My Comments: I have just two. One is that Florida has about 1350 miles of coastline and that does not include rivers that are somewhat tidal. Two is that if God is all seeing and all knowing, how come he’s only telling some of us to be aware of what’s coming and to properly prepare ourselves for the future?
The Miami Herald – May 31, 2015
Yogi Berra once said that, “The future ain’t what it used to be.” His words could serve as yet another warning for the residents of today’s Florida, a state that finds itself in the eye of the storm on climate change.
It’s customary on the first day of the half-year-long hurricane season to issue a reminder about preparing for what a well-known book (and movie of the same name) once called The Mean Season. Long-time Floridians know they have to be ready, and that now is the time to prepare.
Feeling complacent because Florida hasn’t been hit by a major storm in 10 years? Consider this: On April 11, 1992, the Herald ran a story with the following headline: Slow season forecast for hurricanes. Four months later, Hurricane Andrew devastated South Miami-Dade. And here’s a headline we spotted last week in the Sun Sentinel: NOAA predicts slow hurricane season. Our advice: Be prepared for the worst.
But as bad as hurricanes are, they do not pose existential threats to Florida, or to our future. The recurring peril of windstorms has certainly not stopped the influx of millions of new residents that began in the post-war years and has turned Florida into the third most populous state in the union.
But climate change — specifically, sea-level rise caused by global warming — poses a challenge of another order of magnitude. A hurricane hits our shores like a big bang. It’s here and then gone, leaving disaster in its wake. We clean up, we move on.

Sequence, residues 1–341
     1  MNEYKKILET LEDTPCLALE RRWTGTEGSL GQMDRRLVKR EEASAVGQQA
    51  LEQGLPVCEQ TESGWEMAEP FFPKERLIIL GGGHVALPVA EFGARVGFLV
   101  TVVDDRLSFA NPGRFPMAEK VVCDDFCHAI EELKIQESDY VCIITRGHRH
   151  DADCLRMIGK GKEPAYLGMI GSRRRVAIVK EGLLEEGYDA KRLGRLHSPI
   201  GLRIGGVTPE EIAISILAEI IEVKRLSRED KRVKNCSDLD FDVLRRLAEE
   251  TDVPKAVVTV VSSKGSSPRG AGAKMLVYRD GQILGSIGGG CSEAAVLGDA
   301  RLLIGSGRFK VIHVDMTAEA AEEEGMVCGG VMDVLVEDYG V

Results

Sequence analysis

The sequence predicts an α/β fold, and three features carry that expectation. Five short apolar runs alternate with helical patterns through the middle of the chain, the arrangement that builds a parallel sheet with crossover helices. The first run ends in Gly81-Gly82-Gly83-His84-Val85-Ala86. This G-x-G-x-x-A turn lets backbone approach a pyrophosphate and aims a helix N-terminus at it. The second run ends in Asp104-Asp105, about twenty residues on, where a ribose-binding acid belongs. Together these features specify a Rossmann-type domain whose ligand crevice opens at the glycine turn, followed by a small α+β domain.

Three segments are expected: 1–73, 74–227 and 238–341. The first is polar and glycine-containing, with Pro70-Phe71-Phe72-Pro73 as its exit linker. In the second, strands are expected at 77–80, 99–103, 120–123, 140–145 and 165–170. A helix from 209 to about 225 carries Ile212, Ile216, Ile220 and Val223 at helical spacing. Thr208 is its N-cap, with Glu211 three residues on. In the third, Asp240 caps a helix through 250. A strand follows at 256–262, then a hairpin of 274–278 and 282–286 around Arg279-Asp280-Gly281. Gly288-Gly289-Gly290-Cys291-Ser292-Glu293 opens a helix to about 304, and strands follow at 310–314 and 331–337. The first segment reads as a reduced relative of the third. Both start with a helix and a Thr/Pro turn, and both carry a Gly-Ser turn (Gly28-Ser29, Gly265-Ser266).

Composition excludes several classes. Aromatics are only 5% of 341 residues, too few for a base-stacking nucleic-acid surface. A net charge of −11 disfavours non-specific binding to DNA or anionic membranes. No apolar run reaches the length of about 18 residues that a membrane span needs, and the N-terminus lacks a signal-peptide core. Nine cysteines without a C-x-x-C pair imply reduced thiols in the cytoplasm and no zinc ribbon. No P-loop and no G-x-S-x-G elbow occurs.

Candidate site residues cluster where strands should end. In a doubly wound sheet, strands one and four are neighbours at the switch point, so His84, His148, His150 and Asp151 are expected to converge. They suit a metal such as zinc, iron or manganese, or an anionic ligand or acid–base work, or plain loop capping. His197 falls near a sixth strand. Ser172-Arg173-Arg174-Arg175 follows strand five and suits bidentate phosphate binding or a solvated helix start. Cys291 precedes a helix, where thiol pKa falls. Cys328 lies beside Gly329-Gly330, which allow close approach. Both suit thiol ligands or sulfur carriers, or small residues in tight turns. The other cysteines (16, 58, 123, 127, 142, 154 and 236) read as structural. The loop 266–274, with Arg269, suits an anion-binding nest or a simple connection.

Sea-level rise is something else: an insidious attack, slowly gnawing away at our beaches, our coastline, our coastal cities. It doesn’t go away.
And it’s here already. Look at the flooded streets in Miami Beach. Or, further up the coast, the 450-year-old city of St. Augustine, whose streets already flood about 10 times a year, and homes built on sand dunes teetering over open space as the Atlantic encroaches on the foundations. All of Florida’s coastal cities face similar threats. Over on the Gulf side, the Tampa/St. Pete area is deemed particularly vulnerable to rising seas because roads and bridges weren’t designed to handle higher tides.
Insurance giant Swiss Re, according to a recent news story, has estimated that the economy in southeast Florida could sustain $33 billion in damage from sea-level rise and other climate changes by 2030.
The Southeast Florida Regional Climate Compact said last year that waters around this area could surge up to two feet by 2060, posing a huge threat to our infrastructure and fresh water supplies and, ultimately, our way of life.
These are not wild guesses or alarmist warnings. They’re predictions, based on accepted science. And here’s the rub: While some communities, like Miami Beach, are scrambling to prepare for this challenge, the state of Florida has no plan. Gov. Rick Scott’s disregard for climate change science has created a culture of fear among state employees.
We don’t think the end of Florida is inevitable, or even likely. But the end of Florida as we know it is certainly possible, and growing more likely every year as the state’s once limitless future erodes along with the vanishing beaches and shrinking shoreline.
State leaders, it’s not too late to steer Florida in the right direction. We should be drawing up plans to cope with the challenges of the future, instead of heading blindly toward certain disaster. Or, as Yogi Berra also said: “If you don’t know where you are going, you might wind up someplace else.”